It is easy to see how the wheel bug got its name – with a wheel shaped, prehistoric looking sail that they sport on their back. The largest varieties reach 1.5 inches in length but, can easily blend in with their environment to hide from predators and wait in ambush for their prey. Since they are not the speediest predator, their camouflage comes in very handy.
Besides having the ability to painfully bite anybody who threatens them, they can offer up a very unpleasant odor from their scent glands – that will make any predators take a step back – giving the wheel bugs time to escape. Their smell isn’t as strong as that of stink bugs but, any human with a good, working nose is easily made aware of their “special fragrance.”
Even though wheel bugs are most at home in North America – folks in Mexico and Central America have also seen their fair share of them, too.
Just as the name suggests, these bugs like to kiss. Well, not exactly. They just prefer attacking close to the mouth or eyes of their victims.
You see – even though they are considered assassin bugs, they have no interest in eating insect innards. These critters prefer mammal blood – human or animal – it doesn’t make any difference. That is why they are also called vampire bugs – somewhat like mosquitoes.
They zero in on the carbon dioxide that mammals expel as they breathe. And, these bugs attack by injecting their beak around the mouth or the eyes – where the skin is the thinnest. If they bite you – you won’t feel a thing. The enzymes they inject into you contain an anesthetic. Since they will most likely bite while you’re asleep, you won’t know what hit you until the next morning.
Kissing bugs originally came from south of the border. They thrive in Mexico – as well as Central and South America.
But, now they are found in the U.S.A. – mostly in states along the southern border – Texas, Arizona, California, and New Mexico. However, as of this date, there have been sightings in as many as several dozen states in America. Kissing bugs have even found their way onto other continents and are, as we speak, infesting the 3 A’s – Asia, Australia, and Africa.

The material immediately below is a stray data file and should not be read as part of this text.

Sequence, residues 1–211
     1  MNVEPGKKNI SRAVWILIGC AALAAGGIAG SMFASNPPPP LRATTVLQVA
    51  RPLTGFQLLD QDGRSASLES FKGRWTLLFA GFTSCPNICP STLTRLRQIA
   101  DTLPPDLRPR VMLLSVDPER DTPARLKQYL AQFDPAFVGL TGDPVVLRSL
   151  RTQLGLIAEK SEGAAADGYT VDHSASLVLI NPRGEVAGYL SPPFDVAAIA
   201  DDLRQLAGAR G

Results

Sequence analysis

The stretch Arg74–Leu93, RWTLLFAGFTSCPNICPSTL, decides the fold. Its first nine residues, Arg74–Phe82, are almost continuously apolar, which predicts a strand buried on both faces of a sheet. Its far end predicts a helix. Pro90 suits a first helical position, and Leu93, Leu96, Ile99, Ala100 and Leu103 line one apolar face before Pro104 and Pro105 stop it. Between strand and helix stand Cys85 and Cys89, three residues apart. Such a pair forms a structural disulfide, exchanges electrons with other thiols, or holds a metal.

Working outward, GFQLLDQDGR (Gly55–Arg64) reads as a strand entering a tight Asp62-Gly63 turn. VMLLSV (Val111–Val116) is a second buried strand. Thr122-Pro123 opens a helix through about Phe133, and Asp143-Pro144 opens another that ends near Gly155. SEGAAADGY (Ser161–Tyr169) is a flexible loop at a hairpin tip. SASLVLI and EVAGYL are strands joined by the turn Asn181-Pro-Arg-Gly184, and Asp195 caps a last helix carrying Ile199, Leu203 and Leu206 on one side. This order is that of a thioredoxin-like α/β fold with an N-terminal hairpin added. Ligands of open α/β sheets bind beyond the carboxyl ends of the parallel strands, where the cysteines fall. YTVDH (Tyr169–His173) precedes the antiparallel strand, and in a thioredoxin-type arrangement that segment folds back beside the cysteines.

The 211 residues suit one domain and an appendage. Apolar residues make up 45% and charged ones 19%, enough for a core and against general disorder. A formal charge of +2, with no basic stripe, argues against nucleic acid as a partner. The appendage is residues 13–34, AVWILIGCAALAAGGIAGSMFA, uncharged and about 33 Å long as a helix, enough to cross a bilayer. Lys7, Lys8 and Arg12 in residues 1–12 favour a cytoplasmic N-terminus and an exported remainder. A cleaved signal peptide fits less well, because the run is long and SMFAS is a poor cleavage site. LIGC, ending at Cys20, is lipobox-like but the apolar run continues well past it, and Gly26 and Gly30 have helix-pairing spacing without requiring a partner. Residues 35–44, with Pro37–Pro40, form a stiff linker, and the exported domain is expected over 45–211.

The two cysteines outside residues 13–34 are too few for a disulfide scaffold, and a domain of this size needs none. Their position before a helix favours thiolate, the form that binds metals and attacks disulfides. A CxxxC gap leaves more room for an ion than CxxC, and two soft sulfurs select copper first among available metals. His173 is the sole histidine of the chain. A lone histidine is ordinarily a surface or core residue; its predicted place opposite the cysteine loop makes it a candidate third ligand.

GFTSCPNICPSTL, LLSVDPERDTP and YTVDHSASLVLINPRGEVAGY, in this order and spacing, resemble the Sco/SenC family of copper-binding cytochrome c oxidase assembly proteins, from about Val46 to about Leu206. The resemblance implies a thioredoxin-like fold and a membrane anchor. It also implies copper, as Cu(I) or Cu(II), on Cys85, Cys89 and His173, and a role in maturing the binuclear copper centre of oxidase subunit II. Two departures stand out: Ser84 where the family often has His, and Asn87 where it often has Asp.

The bites from these vampire bugs won’t hurt you. But, they have a habit of pooping on their victims as they gorge themselves with blood. And, their poop contains a nasty parasite that, if it enters the victim’s bloodstream, may cause Chagas disease.
Early symptoms of Chagas disease are fairly mild and include: low energy, fever, flu symptoms, rashes, lack of an appetite, vomiting, and diarrhea. Sores may also be present at whatever point that the parasite entered the body. If the parasite enters around the eyes, the eyelids may be swollen.
It is not uncommon to not have any symptoms at first. The Chaga parasite can lie dormant in a human or animal body for years – or decades – before rearing its ugly head and causing mayhem.
Those individuals with weak immune systems – like small children and elderly senior citizens – can experience more serious and deadly effects. Blood clots – enlarged heart, colon, or esophagus – a drastic change in heart rhythm – as well as heart failure or cardiac arrest – are not uncommon. In other words, these bugs can kill you!
So, don’t get cozy with kissing bugs – they are nothing but trouble in the long run! There’s really nothing good I can say about them.
Leaving You With A Thought
We can learn a lot by watching insects go about their daily business.
Do you ever notice how successful they are at what they do?
Whether they eat plants or other insects, they have only achieved perfection to accomplish their tasks by practicing their trade – and, mastering the art of being completely still and patient.
Insects exhibit calmness and a unique intuition about everything around them.
I have to say that after watching insects in my garden, I am convinced that they have found true balance in life.
Maybe, that is something we humans should aspire to as well!